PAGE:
Historically, when travelers entered an airport, their primary concern was leaving it behind as quickly and easily as possible.
This is becoming less common. In fact, if airports aren’t yet reinventing themselves as destinations of choice, they’re trying to improve the traveler experience to drive both satisfaction and nonaeronautical revenue.
Today, convenience, efficiency and experience are the most valuable offerings an airport can provide to customers. This is also true for growing cities, where bringing in travelers quickly and conveniently has become a key part of economic development plans. Smart cities themselves are adopting emerging technological solutions, and today’s airports function almost as comparable city ecosystems — if not with more complexity. This means they should take advantage of opportunities within the airport sphere and integrate them into the wider city environment; this could involve traffic awareness around an airport, for example.
Digital transformation should already be an essential part of any airport’s strategy. In fact, digital initiatives are already responsible for advances in customer satisfaction at airports: In JD Power’s 2018 survey on customer experience in North American airports, customers reported their highest levels of satisfaction ever. They cited the convenience of self-service kiosks for check-in and baggage and improvements in coordination between security, airlines, airports, and the wider system of stakeholders.
Other technologies also provide a significant amount of promise for airports — digital twins could prove particularly useful in validating potential solutions much more seamlessly and efficiently, although solutions will still require live validation. This could reduce the time and effort associated with initiating and completing requests for proposal or information processes.
However, airports still have a significant amount of work ahead of them if they plan to reap the benefits of digital transformation. As highlighted by Airports Council International and other organizations, airports in America need an excess of $128 billion for infrastructure improvements. Considering these vast investment sums, airports must invest intelligently and ensure that return on investment can improve operational efficiencies and experiences. The key here? Airports might need to deliver more with less.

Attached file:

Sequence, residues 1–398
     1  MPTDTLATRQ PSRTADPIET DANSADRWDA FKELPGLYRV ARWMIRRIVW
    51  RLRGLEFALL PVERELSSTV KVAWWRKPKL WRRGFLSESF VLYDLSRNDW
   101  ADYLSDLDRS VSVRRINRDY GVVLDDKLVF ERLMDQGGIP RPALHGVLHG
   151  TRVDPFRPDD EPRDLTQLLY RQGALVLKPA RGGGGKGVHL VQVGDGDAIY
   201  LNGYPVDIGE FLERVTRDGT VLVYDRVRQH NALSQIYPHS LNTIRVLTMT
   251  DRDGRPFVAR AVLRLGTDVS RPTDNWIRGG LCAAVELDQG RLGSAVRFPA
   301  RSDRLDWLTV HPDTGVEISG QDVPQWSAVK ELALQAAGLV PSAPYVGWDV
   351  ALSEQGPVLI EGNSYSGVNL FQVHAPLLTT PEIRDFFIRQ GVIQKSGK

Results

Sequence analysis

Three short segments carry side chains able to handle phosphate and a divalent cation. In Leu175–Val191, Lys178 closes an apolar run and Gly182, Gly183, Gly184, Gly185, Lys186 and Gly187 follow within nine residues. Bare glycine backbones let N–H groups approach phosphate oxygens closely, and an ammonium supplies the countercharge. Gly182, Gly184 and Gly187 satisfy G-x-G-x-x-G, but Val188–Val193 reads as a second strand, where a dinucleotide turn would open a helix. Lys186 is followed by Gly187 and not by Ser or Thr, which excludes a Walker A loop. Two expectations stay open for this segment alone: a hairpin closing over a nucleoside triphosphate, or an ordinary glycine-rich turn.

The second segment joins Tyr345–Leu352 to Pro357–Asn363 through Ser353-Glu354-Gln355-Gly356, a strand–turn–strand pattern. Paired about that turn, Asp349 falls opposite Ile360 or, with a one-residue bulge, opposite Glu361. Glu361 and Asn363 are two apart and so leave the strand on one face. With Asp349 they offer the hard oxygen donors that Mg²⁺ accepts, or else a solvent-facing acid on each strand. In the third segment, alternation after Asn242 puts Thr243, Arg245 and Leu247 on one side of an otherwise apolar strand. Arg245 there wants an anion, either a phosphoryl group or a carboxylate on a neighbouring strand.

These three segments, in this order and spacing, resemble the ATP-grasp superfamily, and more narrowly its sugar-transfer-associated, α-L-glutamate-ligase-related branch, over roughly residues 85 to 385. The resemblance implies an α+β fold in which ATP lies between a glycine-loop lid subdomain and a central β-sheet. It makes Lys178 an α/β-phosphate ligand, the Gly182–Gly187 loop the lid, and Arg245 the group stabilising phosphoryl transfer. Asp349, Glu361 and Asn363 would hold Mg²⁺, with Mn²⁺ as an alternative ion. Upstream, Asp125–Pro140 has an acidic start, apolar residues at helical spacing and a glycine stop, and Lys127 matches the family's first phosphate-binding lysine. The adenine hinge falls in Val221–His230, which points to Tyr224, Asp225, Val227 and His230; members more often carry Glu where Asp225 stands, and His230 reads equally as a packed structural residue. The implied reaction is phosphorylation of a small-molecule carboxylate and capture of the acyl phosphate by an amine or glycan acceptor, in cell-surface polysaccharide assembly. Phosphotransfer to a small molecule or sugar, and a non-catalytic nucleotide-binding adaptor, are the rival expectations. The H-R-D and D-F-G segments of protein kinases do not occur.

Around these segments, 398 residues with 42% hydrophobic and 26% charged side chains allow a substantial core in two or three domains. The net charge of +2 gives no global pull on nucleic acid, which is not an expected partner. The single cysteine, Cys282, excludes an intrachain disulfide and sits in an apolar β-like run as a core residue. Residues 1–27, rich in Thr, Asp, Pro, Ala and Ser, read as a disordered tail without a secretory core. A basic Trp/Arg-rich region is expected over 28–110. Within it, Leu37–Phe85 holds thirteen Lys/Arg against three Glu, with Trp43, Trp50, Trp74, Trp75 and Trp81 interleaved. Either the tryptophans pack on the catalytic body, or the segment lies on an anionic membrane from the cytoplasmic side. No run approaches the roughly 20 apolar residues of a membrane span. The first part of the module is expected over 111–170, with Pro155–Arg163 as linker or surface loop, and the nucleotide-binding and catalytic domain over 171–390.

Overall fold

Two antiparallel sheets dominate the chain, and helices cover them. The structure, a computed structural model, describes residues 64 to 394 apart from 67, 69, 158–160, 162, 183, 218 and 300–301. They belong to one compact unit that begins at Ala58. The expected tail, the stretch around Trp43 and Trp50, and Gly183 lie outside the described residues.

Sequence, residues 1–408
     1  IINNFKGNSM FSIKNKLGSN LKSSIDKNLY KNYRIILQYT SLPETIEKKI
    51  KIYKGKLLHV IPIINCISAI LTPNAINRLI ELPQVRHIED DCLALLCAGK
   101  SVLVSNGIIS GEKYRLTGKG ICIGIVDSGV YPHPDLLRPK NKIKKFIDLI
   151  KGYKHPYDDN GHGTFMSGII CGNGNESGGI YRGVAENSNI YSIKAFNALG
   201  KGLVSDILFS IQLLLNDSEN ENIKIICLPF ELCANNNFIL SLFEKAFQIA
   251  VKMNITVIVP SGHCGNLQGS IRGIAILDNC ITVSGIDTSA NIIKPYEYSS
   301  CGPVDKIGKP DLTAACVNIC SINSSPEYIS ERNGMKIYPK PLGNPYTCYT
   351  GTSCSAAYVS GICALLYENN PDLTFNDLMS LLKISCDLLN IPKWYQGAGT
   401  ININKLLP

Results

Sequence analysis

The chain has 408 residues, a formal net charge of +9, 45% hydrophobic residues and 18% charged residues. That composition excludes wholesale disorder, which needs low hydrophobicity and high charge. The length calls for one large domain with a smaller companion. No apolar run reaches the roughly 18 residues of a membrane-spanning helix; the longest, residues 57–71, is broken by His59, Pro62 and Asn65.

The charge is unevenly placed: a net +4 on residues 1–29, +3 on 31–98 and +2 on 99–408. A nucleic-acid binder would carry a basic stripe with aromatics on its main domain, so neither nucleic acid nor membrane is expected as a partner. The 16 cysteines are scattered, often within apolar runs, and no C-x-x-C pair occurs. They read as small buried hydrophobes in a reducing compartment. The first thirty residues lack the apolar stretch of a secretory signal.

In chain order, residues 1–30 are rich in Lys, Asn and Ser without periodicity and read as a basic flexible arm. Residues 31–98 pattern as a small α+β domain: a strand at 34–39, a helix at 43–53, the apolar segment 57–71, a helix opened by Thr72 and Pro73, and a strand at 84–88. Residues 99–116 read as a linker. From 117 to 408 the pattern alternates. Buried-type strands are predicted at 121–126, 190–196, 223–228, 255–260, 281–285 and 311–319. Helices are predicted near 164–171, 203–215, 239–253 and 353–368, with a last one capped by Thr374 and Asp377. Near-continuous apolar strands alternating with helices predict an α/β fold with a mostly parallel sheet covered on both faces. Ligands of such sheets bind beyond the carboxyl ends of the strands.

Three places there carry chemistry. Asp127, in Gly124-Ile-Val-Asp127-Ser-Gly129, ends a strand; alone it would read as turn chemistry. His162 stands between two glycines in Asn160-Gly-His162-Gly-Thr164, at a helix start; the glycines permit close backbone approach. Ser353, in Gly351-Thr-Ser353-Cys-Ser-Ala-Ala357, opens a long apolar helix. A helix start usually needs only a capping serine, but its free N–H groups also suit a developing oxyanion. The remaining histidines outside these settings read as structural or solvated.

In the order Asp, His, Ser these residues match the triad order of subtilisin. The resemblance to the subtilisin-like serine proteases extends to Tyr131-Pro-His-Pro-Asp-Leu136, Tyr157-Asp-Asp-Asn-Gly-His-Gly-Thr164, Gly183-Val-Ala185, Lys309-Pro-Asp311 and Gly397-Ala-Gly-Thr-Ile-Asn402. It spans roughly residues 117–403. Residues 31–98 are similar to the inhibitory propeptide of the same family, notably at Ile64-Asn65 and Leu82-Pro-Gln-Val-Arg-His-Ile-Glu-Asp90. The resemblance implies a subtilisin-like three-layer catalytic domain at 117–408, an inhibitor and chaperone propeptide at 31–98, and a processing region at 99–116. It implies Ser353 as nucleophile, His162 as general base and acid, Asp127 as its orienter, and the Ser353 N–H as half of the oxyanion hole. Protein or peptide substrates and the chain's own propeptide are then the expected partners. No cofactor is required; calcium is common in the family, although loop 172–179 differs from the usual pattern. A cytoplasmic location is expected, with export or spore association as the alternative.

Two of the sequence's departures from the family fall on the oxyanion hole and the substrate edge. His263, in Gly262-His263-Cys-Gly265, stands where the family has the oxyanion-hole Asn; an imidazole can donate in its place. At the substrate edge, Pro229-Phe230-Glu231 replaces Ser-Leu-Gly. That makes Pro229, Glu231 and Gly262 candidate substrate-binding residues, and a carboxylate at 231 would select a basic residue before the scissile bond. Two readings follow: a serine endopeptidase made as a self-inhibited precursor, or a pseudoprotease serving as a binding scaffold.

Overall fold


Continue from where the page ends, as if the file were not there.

The enhancements we see in passenger experience are in part due to digital transformation efforts already happening alongside process optimizations. However, even more unrealized value awaits. What’s standing in the way?
Solving Airport-Specific Challenges
For one thing, airports face competition in terms of attracting airlines (and therefore, customers) based on specific destinations. Just consider that it was good news when last year, a trade group found that Europe’s airports were on track to lose out on hundreds of thousands of flights by 2025 due to capacity issues.
Although some airports have excess capacity, for airports that are at or close to capacity, the ability to attract new airlines will depend on the return on investment they can achieve and the use of larger aircraft. This certainly presents challenges for airport operators. Ensuring collaborative decision-making can help in this respect, especially when data is accessible across an organization.
When the short-term needs are so intense, strategizing for complex digital transformation initiatives can take a back seat. The ability to differentiate between short-term and long-term planning can help avoid self-reinforcing problems. The more airports fall behind what’s possible, the harder it becomes to implement new approaches.